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EPA Waives $163,000 Penalty After Company Voluntarily Discloses Chemical Violations at Lancaster, Pa. Plant
Release Date: 6/7/2001
Contact Information: Donna Heron, (215) 814-5113
Donna Heron, (215) 814-5113
LANCASTER, Pa. – The U.S. Environmental Protection Agency is waiving a potential $163,000 penalty against Armstrong World Industries after the company voluntarily disclosed and corrected toxic chemical release reporting violations at its plant on Columbia Avenue in Lancaster, Pa.
Acting under an EPA policy that rewards companies for strictly monitoring their own environmental compliance, the agency’s mid-Atlantic office today announced that it is waiving total penalties of $345,100 against Armstrong World Industries and seven other companies in Virginia and Pennsylvania after they voluntarily disclosed environmental violations.
Acting Regional Administrator Thomas Voltaggio noted that EPA has collected substantial penalties for similar violations. “Companies can protect the environment and their own bottom lines by closely monitoring their regulatory compliance, promptly disclosing and correcting violations, and acting to prevent future problems,” Voltaggio said.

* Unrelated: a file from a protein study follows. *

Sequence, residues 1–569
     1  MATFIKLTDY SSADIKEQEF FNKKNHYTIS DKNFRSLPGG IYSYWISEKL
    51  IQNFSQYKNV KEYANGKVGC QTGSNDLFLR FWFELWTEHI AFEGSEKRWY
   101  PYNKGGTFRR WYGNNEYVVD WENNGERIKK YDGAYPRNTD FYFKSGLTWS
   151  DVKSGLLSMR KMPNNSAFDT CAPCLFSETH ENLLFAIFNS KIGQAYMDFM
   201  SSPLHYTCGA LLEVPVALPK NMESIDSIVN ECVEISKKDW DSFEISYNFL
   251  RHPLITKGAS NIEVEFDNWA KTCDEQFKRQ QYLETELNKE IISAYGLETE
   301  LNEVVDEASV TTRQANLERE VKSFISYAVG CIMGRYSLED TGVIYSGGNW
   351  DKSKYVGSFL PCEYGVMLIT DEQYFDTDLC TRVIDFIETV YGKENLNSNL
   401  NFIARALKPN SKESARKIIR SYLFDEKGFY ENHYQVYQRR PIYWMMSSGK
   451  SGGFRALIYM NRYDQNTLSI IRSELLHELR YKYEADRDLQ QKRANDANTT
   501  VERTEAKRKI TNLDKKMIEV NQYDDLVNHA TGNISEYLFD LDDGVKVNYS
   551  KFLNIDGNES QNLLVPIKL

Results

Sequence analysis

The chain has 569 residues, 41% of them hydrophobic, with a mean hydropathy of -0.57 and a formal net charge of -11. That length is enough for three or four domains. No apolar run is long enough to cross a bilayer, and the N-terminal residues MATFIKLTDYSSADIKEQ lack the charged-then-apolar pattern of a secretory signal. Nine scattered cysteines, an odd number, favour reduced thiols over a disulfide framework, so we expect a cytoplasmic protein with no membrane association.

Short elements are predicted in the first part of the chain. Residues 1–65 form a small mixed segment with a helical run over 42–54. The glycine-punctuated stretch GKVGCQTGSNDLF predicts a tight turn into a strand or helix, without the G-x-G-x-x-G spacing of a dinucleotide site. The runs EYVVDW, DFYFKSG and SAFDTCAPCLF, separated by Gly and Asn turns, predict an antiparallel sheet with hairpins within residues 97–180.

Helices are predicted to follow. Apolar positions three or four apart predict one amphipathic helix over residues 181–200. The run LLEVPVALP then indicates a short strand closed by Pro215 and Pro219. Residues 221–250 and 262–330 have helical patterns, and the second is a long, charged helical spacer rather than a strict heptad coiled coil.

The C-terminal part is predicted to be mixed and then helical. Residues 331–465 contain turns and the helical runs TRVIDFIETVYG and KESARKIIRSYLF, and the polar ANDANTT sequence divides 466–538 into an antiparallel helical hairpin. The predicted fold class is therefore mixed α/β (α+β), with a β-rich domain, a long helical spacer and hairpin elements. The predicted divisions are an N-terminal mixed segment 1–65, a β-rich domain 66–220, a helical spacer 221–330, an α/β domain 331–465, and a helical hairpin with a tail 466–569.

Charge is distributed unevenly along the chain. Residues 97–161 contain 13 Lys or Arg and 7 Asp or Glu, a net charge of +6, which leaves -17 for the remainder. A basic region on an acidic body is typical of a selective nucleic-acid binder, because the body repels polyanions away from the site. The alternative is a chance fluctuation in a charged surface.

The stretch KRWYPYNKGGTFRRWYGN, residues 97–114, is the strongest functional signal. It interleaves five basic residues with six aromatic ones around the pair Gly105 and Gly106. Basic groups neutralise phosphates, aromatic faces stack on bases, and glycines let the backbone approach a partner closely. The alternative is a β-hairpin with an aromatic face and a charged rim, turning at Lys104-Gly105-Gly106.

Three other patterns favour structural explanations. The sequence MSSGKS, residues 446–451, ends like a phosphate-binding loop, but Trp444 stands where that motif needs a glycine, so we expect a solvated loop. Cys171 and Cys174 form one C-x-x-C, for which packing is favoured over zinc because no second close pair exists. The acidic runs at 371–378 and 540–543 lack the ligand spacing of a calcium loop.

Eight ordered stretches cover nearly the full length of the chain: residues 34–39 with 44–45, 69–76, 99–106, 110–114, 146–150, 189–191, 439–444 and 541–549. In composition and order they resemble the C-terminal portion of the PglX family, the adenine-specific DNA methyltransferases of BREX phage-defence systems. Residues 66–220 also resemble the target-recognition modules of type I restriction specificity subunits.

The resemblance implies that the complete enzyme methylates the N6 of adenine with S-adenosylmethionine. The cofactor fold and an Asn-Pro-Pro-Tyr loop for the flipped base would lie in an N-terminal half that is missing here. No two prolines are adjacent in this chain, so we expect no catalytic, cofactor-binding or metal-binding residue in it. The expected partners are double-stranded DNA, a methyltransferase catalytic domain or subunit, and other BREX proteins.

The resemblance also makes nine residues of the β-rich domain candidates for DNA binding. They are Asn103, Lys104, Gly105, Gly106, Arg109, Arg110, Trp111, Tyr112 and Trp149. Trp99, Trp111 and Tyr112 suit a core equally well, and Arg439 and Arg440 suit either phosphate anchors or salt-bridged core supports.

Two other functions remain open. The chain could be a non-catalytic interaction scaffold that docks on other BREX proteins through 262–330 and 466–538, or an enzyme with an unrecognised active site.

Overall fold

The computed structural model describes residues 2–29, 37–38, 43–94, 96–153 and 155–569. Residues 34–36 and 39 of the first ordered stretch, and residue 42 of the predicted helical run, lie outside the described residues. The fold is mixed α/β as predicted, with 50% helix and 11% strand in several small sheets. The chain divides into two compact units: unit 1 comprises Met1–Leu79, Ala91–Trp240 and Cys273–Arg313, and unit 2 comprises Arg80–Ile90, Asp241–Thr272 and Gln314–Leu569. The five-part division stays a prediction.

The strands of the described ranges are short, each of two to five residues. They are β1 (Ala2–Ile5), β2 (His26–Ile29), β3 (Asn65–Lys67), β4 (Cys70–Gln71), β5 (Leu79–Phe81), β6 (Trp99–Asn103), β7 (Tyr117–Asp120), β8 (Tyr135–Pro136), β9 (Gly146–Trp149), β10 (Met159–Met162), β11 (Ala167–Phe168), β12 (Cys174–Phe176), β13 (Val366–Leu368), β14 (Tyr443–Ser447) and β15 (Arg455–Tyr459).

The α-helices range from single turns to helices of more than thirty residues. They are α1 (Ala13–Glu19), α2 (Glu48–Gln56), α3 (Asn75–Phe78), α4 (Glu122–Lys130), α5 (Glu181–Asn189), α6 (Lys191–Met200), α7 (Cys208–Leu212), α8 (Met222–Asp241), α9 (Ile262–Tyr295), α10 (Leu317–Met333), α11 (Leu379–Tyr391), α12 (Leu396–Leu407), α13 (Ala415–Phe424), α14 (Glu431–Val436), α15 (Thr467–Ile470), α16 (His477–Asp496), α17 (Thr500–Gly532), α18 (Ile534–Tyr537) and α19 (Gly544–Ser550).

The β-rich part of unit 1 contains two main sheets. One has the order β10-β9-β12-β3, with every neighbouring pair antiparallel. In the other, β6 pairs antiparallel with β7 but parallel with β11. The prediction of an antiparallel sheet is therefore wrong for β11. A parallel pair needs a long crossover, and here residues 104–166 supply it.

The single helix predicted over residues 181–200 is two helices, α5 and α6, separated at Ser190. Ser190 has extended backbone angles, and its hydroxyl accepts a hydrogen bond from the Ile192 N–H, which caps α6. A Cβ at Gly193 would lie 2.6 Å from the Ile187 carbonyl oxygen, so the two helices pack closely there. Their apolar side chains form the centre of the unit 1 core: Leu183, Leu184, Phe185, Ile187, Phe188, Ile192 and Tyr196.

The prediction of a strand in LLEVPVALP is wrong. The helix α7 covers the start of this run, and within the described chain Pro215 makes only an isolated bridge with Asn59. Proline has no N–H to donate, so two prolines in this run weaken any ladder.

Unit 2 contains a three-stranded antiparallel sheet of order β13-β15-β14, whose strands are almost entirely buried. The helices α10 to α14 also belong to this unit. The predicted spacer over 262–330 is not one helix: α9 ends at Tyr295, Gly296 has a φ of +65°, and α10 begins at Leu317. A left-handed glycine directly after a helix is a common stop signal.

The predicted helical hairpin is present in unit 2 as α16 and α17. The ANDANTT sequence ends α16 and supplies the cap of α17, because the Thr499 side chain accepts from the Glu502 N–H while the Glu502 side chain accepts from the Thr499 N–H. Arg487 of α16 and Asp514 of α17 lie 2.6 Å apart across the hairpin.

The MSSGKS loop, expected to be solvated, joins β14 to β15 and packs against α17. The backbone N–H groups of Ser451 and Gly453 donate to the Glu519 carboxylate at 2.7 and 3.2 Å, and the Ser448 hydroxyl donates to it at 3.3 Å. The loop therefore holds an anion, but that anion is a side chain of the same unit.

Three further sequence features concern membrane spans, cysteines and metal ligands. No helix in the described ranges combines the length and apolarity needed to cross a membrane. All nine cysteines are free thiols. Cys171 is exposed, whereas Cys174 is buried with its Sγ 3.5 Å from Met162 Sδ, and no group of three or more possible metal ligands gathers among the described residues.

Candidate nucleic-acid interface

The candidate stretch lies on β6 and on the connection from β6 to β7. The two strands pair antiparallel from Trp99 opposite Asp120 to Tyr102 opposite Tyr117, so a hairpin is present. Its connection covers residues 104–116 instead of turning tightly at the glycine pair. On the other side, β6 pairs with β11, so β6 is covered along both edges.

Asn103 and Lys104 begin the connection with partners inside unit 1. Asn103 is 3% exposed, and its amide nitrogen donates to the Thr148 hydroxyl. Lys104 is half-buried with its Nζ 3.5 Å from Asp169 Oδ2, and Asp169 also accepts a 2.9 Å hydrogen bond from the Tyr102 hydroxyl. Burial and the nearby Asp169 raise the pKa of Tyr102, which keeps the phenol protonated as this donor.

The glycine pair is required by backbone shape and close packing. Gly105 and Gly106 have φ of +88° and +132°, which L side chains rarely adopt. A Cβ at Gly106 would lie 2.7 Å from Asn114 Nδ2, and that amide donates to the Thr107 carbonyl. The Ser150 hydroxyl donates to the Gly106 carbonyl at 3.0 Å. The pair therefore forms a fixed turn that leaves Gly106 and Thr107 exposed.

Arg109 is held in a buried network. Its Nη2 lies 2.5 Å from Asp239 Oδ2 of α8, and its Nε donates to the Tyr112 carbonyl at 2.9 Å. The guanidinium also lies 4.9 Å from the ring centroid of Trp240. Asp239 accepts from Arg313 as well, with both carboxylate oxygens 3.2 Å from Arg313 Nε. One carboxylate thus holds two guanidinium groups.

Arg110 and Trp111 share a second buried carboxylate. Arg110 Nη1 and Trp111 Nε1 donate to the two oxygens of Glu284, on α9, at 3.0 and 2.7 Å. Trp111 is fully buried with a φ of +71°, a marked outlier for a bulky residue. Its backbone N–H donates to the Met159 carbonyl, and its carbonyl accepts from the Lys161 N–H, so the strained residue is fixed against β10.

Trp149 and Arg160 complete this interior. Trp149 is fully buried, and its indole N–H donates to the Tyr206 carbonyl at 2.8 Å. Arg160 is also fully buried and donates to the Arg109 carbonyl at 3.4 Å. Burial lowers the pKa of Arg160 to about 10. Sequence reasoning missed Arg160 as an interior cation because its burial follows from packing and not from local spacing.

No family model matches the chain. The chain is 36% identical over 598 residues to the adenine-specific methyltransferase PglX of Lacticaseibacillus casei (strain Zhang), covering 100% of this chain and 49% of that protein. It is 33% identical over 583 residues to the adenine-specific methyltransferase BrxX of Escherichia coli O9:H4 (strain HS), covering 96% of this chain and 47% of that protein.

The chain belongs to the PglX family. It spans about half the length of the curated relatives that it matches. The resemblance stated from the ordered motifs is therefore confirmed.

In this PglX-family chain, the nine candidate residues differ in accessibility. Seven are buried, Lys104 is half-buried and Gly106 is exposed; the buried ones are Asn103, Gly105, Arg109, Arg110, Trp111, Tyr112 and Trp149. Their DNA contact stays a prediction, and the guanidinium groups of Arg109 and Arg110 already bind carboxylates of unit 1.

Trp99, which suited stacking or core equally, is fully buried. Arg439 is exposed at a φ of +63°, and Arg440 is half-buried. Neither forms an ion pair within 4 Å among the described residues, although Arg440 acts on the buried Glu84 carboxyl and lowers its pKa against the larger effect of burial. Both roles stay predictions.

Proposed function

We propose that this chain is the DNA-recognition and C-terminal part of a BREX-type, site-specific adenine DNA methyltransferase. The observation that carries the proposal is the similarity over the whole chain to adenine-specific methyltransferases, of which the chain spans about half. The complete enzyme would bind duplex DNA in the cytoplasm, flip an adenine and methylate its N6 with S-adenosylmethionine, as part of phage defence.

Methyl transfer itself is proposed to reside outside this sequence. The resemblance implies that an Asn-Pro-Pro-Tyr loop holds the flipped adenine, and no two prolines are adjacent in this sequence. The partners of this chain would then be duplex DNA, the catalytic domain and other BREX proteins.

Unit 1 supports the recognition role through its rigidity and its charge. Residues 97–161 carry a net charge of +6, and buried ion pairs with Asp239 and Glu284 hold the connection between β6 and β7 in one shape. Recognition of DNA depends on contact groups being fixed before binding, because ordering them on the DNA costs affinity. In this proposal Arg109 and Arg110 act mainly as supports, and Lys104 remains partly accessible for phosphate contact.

On October 16, 2000, Armstrong World Industries notified EPA that an environmental compliance company, hired to perform an environmental compliance audit, uncovered potential violations of the Emergency Planning and Community Right-to-Know Act (EPCRA) -- the federal law requiring companies to file annual reports on toxic chemicals.
Under EPCRA, companies that manufacture, process or use more than a threshold amount of regulated chemicals must report both routine and accidental releases of these chemicals. Armstrong World Industries discovered that it had inadvertently failed to file timely reports on releases of two chemicals, methanol and diisocyanates, from 1995 through 1998. The company promptly filed the required reports. Note: the alleged violations involved reporting requirements, not unlawful chemical releases.
EPA determined that the company qualified for a penalty waiver under the agency’s audit policy, which encourages companies to self-police their own compliance with environmental regulations and voluntarily report violations. The policy substantially reduces, and often eliminates, penalties for violations discovered and corrected by a company. The policy does not cover criminal violations, or violations resulting in significant harm to public health or the environment.
EPA determined that the company’s reporting violation did not result in any serious actual harm to human health or the environment. Because the company did not gain a significant economic benefit from these reporting violations, EPA agreed to a complete penalty waiver.
For more information on the policy, call the EPA Business Assistance Center at 800-228-8711 or check out EPA’s web site at www.epa.gov/reg3ecej/audits.htm.